Wireless banking has taking the world by storm – but why hasn’t Australia jumped on the bandwagon?
Four hundred million people can’t be wrong.
That’s the number of mobile phone users globally who, it’s estimated, will be using their devices to carry out specific banking transactions by 2013. So says Howard Wilcox, author of the industry benchmark report, Mobile Banking Strategies: Application, Opportunities and Markets 2010-2015.
“This high-tech, networked 21st century means that we are able to stay in touch and access information 24/7. So its no surprise that we want to use our phones to check balances, last transactions, receive alerts on balance information, pay bills and generally manage their account,” says Wilcox. “Thanks to the rising popularity of applications, the proliferation of smartphones and greater familiarity with text messaging, mobile banking is now the most powerful trend in the financial services technology arena since the ATM.”
For banks, that has meant playing catch-up to invest in the technology required to support a mobile banking strategy – or be left behind. “Banks have been tripping over themselves to be able to cater for customers who want to carry out banking transactions and make mobile purchases. It’s important for banks and financial institutions to work proactively with their customers in order to assuage security concerns and develop a service that benefits both parties,” says Wilcox.
It should come as no surprise that the markets where mobile banking is strongest are the US and Europe. In this part of the world, however, the question remains that while mobile devices are so prevalent in Australia, why does the use of mobile phones for making financial transactions lag behind other uses?
According to a survey conducted by KPMG entitled Consumers and Convergence IV, 43 percent of respondents in Asia Pacific make mobile banking transactions at least once a month, compared to 30 percent globally. However, only 19 percent of mobile phone users in Australia use their phone for banking monthly.
A key reason for this, says the report, is a lack of awareness of mobile banking offerings. “Around 40 percent of Australian respondents did not know whether their bank offered mobile banking, compared to only 10 percent in ASPAC and 24 percent globally”.
Peter Russell, KPMG Financial Services Partner, was reported as saying: “Australian banks have tended to let consumers find their mobile banking solutions and have focused on this channel as primarily a way to facilitate mobile payments. As Australian banks are rushing to develop and improve applications for smart phones and the Apple iPad tablet, this gap will narrow very quickly”.
Australia also lagged ASPAC and global respondents when it came to the level of comfort in using their mobile phone for financial transactions. Twenty one percent of Australians are comfortable with mobile banking compared to 40 percent in ASPAC and 34 percent globally. Furthermore, 70 percent of Australians have never done any banking on a mobile device compared with 55 percent globally and 38 percent in ASPAC.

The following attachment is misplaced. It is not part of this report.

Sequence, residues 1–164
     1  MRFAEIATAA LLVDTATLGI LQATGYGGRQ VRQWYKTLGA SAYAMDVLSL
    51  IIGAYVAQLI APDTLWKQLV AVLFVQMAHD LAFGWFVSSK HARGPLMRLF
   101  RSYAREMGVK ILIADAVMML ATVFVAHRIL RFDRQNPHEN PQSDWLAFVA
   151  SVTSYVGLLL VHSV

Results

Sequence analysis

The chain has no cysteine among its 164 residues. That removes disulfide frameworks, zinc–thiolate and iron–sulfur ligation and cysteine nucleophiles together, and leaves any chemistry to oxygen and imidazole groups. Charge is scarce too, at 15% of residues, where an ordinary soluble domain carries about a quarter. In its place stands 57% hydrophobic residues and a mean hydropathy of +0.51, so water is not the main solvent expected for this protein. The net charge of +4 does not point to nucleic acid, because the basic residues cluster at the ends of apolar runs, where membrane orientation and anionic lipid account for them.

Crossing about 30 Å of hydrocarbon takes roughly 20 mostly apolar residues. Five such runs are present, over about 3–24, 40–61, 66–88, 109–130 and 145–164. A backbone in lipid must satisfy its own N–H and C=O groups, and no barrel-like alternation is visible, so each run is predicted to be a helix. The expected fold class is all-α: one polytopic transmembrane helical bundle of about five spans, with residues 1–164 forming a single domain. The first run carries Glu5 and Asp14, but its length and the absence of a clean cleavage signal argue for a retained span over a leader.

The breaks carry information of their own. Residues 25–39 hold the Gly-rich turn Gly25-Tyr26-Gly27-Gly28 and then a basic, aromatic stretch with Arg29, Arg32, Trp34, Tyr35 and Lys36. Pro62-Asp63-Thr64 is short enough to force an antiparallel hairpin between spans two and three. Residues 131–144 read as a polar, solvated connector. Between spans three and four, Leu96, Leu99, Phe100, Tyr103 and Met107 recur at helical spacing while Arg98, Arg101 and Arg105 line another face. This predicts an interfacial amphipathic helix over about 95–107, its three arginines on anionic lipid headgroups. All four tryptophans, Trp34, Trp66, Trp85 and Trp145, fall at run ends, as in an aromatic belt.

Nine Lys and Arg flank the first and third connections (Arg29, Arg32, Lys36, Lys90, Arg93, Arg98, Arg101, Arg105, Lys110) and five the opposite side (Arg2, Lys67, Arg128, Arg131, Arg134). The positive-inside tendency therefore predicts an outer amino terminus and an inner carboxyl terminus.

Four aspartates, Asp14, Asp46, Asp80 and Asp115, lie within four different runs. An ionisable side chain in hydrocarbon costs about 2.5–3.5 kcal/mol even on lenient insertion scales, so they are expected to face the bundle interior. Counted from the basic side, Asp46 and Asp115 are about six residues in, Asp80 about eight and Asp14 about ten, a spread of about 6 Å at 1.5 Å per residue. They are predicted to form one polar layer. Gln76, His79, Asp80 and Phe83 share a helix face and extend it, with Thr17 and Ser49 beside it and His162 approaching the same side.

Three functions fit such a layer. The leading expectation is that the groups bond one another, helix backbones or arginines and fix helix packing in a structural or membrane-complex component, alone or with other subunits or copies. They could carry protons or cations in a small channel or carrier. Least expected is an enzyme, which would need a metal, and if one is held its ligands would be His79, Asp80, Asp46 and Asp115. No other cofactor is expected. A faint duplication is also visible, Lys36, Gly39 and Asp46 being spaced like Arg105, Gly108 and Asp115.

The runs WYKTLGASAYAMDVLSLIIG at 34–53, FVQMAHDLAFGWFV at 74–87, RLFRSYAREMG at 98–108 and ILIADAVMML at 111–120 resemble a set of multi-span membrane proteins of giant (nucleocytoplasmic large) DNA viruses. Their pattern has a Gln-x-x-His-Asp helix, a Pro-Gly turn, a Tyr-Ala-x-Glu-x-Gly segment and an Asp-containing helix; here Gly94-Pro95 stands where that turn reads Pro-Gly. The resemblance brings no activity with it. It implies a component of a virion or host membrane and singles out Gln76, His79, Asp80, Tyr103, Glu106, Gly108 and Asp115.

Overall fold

Australians have not yet made the shift to conducting investment transactions over their mobile phones with eight percent of respondents having done so within the last six months, and five percent in the last seven to 12 months. Eighty-seven percent had never made an investment transaction, such as selling a stock or bond, over their mobile compared with 53 percent for ASPAC and 71 percent globally.
“These numbers are not surprising given the maturity of mobile phone transaction activity,” says Russell. “We predict growth in investment transactions as business conditions improve and the functionality of mobile applications to conduct transactions improves. It is clear that mobile phone users have concerns over security and privacy with 59 percent of our Australian respondents sharing this concern.
"Mobile banking offers a real source of competitive advantage to Australia banks. While our results seem to show we lag other regions, Australian Banks are fast catching up following the release of a variety of mobile applications. Our survey provides Australian Banks with global and regional benchmarks of how popular mobile applications are likely to become in the very near future."
Likewise, Russell says their research has revealed substantial benefits for banks that can shift consumer attitudes towards mobile banking. “Banks have an opportunity to generate new business, attract or retain customers, control costs, and gain other advantages by deploying applications for mobile phone users.”
It’s obviously a topic that will be top of mind for the industry’s leading figures who will converge on the Gold Coast for the FST ANZ Summit 2011. Hosted by GDS International, the closed-door event takes place at the Palazzo Versace, Gold Coast, Australia from 27-29 July 2011.
Other hot industry issues that will be up for discussion include the evolving role of the CIO, accelerating the transformation to the cloud, leveraging integrated banking platforms and master data management.
FST ANZ Summit 2011 is a C-level event reserved for 100 participants that includes expert workshops, facilitated roundtables, peer-to-peer networks and co-ordinated meetings.
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